When Disillusion is a Good Thing

The first year I got to vote in a presidential election was 1972 when I proudly cast my ballot for the Republican candidate, Richard Nixon. As far as I could tell, voting for Republicans was what my family had been doing for generations. As far as I was concerned, this was what White Southern Christians were supposed to do.

Needless to say, I was disillusioned by the corruption of that president and the cover-up efforts of those Republicans. I was embarrassed to admit I had wasted my first chance to vote by voting for a crook.

However, this experience became a life changing learning opportunity. I learned that appearances can be deceiving. I learned that people in positions of trust will sometimes look us square in the face and lie to us. I learned that my parents, my grandparents and my White Southern Christian community weren’t always right. I learned to do my own research, challenge my assumptions and trust my own judgment.

I learned that disillusion—letting go of illusions—is a good and healthy thing for a grown-up to do.

One of my favorite preachers and wisdom teachers, Barbara Brown Taylor, taught me this:

Disillusionment is the loss of illusion—about ourselves, about the world, about God—and while it is almost always painful, it is not a bad thing to lose the lies we have mistaken for the truth . . . Disillusioned, we find out what is not true and are set free to seek what is—if we dare.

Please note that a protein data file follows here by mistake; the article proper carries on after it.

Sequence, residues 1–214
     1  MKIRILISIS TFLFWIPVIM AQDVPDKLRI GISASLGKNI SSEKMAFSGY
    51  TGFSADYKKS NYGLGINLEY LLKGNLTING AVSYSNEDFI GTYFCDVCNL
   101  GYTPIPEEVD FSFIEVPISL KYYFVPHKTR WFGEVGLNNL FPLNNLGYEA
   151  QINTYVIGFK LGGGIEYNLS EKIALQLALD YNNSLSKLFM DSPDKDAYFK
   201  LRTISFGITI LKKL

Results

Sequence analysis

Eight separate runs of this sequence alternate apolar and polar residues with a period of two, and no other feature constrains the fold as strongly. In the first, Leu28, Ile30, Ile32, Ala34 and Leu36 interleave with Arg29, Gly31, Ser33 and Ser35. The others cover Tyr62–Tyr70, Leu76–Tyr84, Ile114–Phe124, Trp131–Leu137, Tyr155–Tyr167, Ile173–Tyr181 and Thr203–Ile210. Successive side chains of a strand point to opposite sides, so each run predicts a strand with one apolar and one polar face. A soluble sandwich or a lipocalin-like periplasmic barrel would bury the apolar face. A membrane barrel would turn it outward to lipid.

“If we dare.” Ah, there’s the rub.

I can vouch for the fact that the process of dis-illusion is quite uncomfortable. Things that seem clear and concrete, beliefs that seem settled and sensible, all of a sudden become unclear, fluid, unsettled and nonsensical.

But I can also vouch for the fact that, on the other side of the uncomfortable unsettledness, there is a truer, more hopeful, more real reality.

I highly recommend disillusionment.

I have spent a lot of time and energy recently pondering the way too many of my fellow Americans are embracing illusions in these dangerous days.

QAnon is peddling some of the same conspiracy hysteria that has circulated in this nation again and again, and too many people are still buying it.

Sensationalist talk show personalities continue to spin their deceptions in order to create alternate realities out of thin air. Too many people take them seriously.

Yet another president is looking us square in the face and lying to us and too many people keep believing him.

Please note I’m not talking here about differences of opinion. I’m not discussing valid perspectives or whether people “lean left” or “lean right.” Rather I’m challenging the fabricated world that has been spun into existence in our nation. (Recall Kellyanne Conway’s claim about the validity of “alternate facts.”)

I’m talking about illusions created by people who reap personal power and wealth at the expense of the rest of us.

I’m talking about the importance of affirming verifiable reality as opposed to believing lies and deceptions.

I haven’t been disillusioned about this president like I was about Nixon because I never bought into his charade in the first place. But some of my fellow Americans would do well to enter into this uncomfortable and crucial process of dis-illusionment.